Pipelines carrying warm contents through permafrost areas present a key challenge to the development of petroleum reserves in the Arctic region. Evaluations have to be made during the pipeline design to avoid signification thaw settlement and large-scale permafrost damage. Current practice in estimating pipeline thaw settlement is primarily based on the assumption of a complete consolidation of the thaw-unstable layer. This often results in an over-conservative estimate and costly over-design. An integrated three-dimensional (3D) finite element (FE) model, developed recently as part of J P Kenny’s in-house simulator tools, has been used successfully to simulate the thermal and mechanical interaction between the pipeline and surrounding permafrost and gives a better estimate of the heat transfer, thaw settlement and pipeline deformation over the pipeline’s service life. Given the lack of experimental data and the complex nature of this problem, the sensitivity study on the major variables, presented in this paper and based on the 3D FE model, offers an in-depth insight into the problem and provides better-based guidelines for proper design of pipelines in permafrost. A number of thermal parameters are studied in this paper and compared based on their impact on the final deformation of the pipeline, so as to identify key parameters in the pipeline-permafrost thaw settlement processes. These parameters include the hydrocarbon content temperature and the convection coefficient, inside the pipe; the thickness and thermal conductivity of the insulation layer, on the pipe exterior; and the initial temperature, soil void ratio and the surface condition of the permafrost/soil, as boundary conditions. Results of current study improve the understanding of the pipeline-permafrost interaction from the heat transfer perspective and provide better guidance to the pipeline design in the permafrost environment.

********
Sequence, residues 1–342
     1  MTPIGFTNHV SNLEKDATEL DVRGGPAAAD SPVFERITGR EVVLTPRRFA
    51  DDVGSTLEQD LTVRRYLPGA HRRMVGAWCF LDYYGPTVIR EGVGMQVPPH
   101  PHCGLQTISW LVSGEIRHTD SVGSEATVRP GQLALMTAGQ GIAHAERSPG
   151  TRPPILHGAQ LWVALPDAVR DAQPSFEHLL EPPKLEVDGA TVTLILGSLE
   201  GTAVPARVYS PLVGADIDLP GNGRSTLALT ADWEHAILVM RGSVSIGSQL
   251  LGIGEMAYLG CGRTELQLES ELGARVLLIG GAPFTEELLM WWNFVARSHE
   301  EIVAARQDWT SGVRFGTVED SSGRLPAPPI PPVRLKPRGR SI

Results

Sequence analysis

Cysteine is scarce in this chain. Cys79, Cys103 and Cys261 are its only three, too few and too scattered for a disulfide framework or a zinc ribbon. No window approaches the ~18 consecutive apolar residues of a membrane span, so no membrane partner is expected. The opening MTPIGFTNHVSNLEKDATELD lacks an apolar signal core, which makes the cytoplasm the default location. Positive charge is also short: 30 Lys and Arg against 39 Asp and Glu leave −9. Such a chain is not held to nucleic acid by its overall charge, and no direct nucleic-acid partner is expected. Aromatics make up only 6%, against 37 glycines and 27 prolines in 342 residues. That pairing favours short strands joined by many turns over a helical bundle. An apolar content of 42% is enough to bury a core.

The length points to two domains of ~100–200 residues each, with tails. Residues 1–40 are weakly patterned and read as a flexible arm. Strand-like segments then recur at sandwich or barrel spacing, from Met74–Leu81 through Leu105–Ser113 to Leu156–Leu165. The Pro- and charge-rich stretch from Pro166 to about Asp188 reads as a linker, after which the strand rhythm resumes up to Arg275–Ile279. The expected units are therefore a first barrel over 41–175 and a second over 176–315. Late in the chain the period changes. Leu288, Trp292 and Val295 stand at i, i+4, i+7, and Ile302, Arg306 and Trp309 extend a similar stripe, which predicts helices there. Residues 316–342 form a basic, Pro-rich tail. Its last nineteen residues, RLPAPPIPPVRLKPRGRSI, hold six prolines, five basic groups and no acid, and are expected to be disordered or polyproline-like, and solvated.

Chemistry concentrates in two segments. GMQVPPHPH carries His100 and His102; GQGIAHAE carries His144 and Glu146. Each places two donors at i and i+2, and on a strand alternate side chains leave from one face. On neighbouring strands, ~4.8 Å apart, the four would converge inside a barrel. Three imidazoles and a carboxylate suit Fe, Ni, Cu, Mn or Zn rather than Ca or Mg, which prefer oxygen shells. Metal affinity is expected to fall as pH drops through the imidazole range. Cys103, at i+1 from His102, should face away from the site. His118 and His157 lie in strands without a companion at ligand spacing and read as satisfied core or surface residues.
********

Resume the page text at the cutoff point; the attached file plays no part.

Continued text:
This content is only available via PDF.
You do not currently have access to this content.